The more islands change, the more they stay the same

“The great barrier islands of America’s Atlantic and Gulf coasts have been moving for centuries. Of Hatteras, North Carolina, it has been said: ‘This island is nothing fixed. It has transience, shiftiness, built into its very existence..’ In the 1980s, Hatteras ‘houses well back from the beach [were] sold on the basis of “Ocean Front Property by the Turn of the Century.” Even erosion can turn a buck’….

“It is only when barrier islands are fixed in place that they are breached and eroded. Prevented from moving, they literally die, shrinking in size and viability…..

“The reason we continue to ‘fix’ coasts only to destroy them is not hard to fathom. We have allowed people to build right up to the edge of the sea, creating property that for coastal communities in economic decline is the principal tax base.”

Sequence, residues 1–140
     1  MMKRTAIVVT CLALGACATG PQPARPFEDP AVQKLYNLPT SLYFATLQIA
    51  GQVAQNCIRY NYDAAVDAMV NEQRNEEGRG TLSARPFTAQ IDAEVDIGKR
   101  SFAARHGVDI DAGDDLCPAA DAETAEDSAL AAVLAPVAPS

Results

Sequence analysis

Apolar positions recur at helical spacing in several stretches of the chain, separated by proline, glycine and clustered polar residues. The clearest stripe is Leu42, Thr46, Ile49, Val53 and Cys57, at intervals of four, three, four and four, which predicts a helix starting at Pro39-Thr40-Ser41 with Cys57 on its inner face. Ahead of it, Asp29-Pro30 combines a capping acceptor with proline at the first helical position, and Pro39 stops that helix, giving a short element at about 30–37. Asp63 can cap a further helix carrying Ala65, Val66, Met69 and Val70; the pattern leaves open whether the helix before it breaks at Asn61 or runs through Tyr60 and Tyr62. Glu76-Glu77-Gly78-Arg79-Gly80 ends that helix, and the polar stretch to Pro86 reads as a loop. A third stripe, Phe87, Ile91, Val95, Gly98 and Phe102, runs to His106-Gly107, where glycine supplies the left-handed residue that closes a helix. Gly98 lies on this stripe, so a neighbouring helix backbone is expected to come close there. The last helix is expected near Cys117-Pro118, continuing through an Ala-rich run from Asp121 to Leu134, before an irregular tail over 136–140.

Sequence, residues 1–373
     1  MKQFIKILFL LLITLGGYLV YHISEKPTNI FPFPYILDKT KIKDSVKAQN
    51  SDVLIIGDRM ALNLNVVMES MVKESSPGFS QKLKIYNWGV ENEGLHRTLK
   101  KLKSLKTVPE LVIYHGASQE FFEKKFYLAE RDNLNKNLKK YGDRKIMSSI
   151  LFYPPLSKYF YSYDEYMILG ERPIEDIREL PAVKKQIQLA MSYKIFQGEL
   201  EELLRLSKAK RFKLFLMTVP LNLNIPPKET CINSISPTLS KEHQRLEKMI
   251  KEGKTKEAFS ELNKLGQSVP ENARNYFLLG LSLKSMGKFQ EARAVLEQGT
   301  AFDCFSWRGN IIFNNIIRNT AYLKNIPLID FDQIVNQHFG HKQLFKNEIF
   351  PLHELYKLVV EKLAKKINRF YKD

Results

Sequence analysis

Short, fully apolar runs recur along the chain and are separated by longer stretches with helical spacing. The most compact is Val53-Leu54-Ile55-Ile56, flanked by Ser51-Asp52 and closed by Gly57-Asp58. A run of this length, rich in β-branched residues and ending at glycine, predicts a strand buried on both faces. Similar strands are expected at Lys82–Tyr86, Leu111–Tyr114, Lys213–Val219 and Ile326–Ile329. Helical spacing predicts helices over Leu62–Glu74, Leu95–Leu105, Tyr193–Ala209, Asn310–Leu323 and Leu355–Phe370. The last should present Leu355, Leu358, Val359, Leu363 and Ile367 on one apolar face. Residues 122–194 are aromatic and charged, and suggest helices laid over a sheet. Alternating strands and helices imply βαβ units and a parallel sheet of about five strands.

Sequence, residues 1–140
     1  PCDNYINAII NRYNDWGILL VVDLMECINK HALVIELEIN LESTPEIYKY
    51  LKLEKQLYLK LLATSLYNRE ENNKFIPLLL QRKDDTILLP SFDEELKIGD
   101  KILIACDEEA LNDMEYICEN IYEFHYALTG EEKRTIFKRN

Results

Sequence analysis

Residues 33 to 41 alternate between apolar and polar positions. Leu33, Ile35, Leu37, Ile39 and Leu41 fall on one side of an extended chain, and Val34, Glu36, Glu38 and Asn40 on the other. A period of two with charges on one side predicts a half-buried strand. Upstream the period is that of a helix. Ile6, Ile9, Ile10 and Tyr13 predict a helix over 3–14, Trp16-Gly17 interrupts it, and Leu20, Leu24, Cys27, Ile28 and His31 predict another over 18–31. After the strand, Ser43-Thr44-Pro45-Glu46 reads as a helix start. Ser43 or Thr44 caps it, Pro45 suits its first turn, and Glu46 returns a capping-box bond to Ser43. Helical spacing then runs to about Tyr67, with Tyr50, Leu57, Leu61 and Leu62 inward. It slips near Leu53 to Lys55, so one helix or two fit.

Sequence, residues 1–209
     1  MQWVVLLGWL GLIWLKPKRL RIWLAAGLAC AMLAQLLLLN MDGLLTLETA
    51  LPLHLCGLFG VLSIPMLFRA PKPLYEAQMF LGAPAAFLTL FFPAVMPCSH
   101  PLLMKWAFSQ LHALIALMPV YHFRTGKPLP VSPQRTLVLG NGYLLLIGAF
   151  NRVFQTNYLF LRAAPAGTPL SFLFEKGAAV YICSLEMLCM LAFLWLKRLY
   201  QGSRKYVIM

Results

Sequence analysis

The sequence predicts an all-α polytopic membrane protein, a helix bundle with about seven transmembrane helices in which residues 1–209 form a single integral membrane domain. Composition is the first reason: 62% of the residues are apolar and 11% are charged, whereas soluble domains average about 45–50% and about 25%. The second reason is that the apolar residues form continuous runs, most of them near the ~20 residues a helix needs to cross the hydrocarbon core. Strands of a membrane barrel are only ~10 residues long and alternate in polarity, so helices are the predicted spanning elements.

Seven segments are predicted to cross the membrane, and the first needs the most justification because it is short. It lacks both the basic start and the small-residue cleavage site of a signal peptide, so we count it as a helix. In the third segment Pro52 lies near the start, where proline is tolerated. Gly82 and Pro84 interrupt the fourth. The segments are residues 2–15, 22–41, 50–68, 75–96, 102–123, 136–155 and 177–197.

— From “The Human Shore: Seacoasts in History” by John R. Gillis (2012)


Outer Banks flotsam reveals grim fate of slave ship

“Some beach debris is gruesome….In the 1970s a local physician found a piece of shipwreck timber on a North Carolina Outer Banks beach. The piece of cypress wood had two clumps of rust on it separated by a few inches. Close examination of the rust revealed fragments of a fibula and tibia in each. The explanation: The wood fragment was part of a slave ship that sank with its human  cargo shackled to ship timbers, unable to escape.”

— From “The World’s Beaches: A Global Guide to the Science of the Shoreline” by Orrin H. Pilkey, William J. Neal, James Andrew Graham Cooper and Joseph T. Kelley (2011)